Sometimes a book is talked about so much and with such grandiose praise that it can never live up to the hype. Even if your friends, and readers you trust have told you that you’ll like it and that it’s wonderful, you worry it will be a letdown. It may have won awards and recognitions, but there’s still a chance that the writing won’t be your style, or you won’t like the characters or *gasp* you will just outright hate it. Months before “The Invisible Life of Addie LaRue” was published, I heard incredible things about it. It was written about in journals and blogs and the buzz kept growing until it was released. Even today, 9 months after it was released, my library has multiple holds on it and the wait list is still long. So, when I finally started to read this book, I was nervous that it wouldn’t live up to my high expectations. As it turns out, I had nothing to be nervous about. “The Invisible Life of Addie LaRue” is an enchanting, heartbreaking, poignant book that I will remember for a long time.
As much as I loved the story, this was a strange book for me because I felt it was simultaneously too long in parts and yet as the story was winding up and it was reaching its conclusion, I didn’t want it to end. There were moments, passages, sentences that I wanted to savor and enjoy long after I had closed the book. And then there were sections that seemed to drag, where I wanted the pace to pick up and the action to move forward. The time spent in the 1700s seemed too long to me, especially some of the scenes with Luc that seemed to be repeats of earlier scenes, just in different times and locales but with nothing new added to the story. I would have preferred to have seen more of Addie in different times and places and to have seen the things she experienced in her 300 years (and this is what I thought the book would show more). I wanted to see her fly a plane, fight in a war, be a spy instead of hearing about it later. A few more of these adventurous things on the page and a little less of the same conversation over and over and it would have bumped this book into 5 star territory.
Henry, Henry, Henry. My love for this fictional man was something I didn’t expect when I started reading. His story was heartbreaking and I wanted to enter the pages of the book to give him a hug. At first, he came across as a typical millennial bro and I was worried. Was this the guy I was supposed to root for? But Schwab did an amazing job of taking this lonely “boy with a broken heart” and making you feel for him. Despite my love for him, his relationship with Addie was interesting because while I don’t doubt that they loved each other, was it true love? I asked myself this question while reading and it’s stayed with me even days after finishing. We, the reader are supposed to believe it is. But you know what? Even though Luc was abusive and manipulative and awful, his relationship with Addie had evolved so much that by the end, I believed he loved her in his own twisted way and Addie seemed to love him too. And they arguably had more chemistry than she had with Henry. There. I said it. I know this is probably blasphemous to a lot of the Addie/Henry shippers out there and goes against everything I would normally believe about abusive relationships, but this is a fantasy and we’re talking about a woman who doesn’t age and a demon/god. I think, in the end, this book is a love story about Luc and Addie and not Henry and Addie. What we the reader are seeing is a moment in time, one brief snippet of Addie’s long life that started with her deal to Luc and will conclude with…Luc. By the end of the book, she has admitted that she’s no longer human so she has to realize that a life with Henry is impossible. She has accepted and even begun to enjoy her immortality because of her interactions with Luc just as Luc has softened and become more human because of his interactions with her. Maybe there will be more Henry’s but there will always be only one Luc. I know some readers will be disappointed with the ending, but I liked it and felt it wrapped up the story nicely while also leaving you wondering about Addie and Henry’s futures.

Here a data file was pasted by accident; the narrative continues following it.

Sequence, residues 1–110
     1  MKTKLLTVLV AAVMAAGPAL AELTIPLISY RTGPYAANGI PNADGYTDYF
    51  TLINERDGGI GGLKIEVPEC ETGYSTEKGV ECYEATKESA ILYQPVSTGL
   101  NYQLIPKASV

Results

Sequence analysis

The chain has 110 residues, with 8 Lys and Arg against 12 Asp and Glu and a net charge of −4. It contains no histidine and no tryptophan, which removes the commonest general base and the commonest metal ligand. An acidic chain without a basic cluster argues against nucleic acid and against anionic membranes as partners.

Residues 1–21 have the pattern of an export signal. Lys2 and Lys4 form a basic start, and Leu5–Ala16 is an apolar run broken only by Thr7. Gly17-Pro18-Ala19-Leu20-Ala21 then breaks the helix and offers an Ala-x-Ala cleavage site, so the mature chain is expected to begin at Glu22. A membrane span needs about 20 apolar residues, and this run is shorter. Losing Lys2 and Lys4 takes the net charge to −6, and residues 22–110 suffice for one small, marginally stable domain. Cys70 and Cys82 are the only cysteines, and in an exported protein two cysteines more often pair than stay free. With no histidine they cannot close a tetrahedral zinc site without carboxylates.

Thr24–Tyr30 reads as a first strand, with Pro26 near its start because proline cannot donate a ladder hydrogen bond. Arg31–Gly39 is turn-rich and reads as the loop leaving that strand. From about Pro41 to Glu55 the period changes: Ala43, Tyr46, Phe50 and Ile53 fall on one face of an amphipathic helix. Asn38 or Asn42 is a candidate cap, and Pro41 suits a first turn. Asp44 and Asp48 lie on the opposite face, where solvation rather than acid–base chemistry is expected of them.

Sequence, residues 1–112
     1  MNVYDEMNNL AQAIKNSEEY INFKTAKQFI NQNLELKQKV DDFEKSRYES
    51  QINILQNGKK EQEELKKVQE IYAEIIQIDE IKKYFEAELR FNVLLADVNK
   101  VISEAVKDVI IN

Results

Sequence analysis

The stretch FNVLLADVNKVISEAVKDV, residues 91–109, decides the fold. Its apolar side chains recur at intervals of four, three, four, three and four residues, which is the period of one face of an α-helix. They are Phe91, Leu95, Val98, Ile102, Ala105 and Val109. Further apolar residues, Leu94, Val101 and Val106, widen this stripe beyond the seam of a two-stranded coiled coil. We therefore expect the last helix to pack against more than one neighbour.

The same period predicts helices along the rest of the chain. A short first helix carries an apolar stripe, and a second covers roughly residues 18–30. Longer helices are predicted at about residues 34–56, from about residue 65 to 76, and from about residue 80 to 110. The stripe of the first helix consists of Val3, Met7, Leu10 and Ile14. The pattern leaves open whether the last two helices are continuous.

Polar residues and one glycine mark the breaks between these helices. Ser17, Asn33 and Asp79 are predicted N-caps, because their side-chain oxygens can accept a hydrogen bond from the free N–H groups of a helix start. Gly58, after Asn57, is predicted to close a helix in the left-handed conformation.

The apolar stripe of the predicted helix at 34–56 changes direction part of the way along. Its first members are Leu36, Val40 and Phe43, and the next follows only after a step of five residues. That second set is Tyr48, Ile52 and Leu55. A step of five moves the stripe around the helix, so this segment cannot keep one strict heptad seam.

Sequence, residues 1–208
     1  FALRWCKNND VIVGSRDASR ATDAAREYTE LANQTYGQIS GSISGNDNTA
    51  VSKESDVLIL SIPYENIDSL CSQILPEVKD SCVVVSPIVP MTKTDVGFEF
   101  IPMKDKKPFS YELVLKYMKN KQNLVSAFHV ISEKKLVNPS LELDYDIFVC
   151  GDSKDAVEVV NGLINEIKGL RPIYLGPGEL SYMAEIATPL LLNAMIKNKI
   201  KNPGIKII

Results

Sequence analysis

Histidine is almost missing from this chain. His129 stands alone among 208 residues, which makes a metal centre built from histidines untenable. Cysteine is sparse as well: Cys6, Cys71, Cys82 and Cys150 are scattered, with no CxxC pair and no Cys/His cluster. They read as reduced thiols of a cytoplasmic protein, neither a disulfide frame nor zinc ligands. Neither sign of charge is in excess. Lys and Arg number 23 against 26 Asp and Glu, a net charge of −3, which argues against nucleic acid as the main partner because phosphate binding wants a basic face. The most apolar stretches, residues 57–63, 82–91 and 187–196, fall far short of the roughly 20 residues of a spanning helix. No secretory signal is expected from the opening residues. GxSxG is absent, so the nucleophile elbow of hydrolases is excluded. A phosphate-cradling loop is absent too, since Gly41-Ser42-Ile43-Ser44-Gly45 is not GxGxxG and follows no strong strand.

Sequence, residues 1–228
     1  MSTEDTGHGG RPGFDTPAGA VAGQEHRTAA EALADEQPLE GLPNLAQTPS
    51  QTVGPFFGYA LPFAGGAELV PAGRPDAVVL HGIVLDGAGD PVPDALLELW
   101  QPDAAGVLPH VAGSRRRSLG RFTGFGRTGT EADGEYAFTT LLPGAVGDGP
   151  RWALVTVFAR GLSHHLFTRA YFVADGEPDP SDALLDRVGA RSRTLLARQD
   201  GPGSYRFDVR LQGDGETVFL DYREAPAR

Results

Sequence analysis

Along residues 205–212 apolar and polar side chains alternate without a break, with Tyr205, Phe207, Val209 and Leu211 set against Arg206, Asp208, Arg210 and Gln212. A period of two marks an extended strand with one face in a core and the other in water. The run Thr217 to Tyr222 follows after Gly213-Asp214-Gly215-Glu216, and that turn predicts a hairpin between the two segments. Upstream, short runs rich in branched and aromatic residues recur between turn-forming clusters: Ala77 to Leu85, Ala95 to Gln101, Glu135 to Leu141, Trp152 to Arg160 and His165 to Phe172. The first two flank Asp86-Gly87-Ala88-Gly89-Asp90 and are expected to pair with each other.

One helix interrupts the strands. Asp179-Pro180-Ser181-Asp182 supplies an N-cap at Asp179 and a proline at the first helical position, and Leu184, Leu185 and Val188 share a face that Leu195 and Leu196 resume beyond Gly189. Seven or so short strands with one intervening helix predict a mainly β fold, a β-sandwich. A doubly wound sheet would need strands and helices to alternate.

This book seems to bring out strong emotions in people and even though I loved it, I can easily see why people hate it. The writing style is not for everyone and it can be long winded at times. It’s not an easy book to read and it brings up interesting and difficult questions. I enjoyed it immensely and couldn’t stop thinking about, even a week or so after I finished it and I think it would make a great read for book clubs. I highly recommend it.
“Blink, and the years fall away like leaves.”
“Listen to me. Life can feel very long sometimes, but in the end, it goes so fast. You better live a good life.”
“His heart has a draft. It lets in light. It lets in storms. It lets in everything.”
“But a life without art, without wonder, without beautiful things—she would go mad. She has gone mad.”
“Books, she has found, are a way to live a thousand lives—or to find strength in a very long one.”
“The vexing thing about time,” he says, “is that it’s never enough. Perhaps a decade too short, perhaps a moment. But a life always ends too soon.”
Author: V.E. Schwab
Published: October 6th, 2020
Rating: 4.5 Stars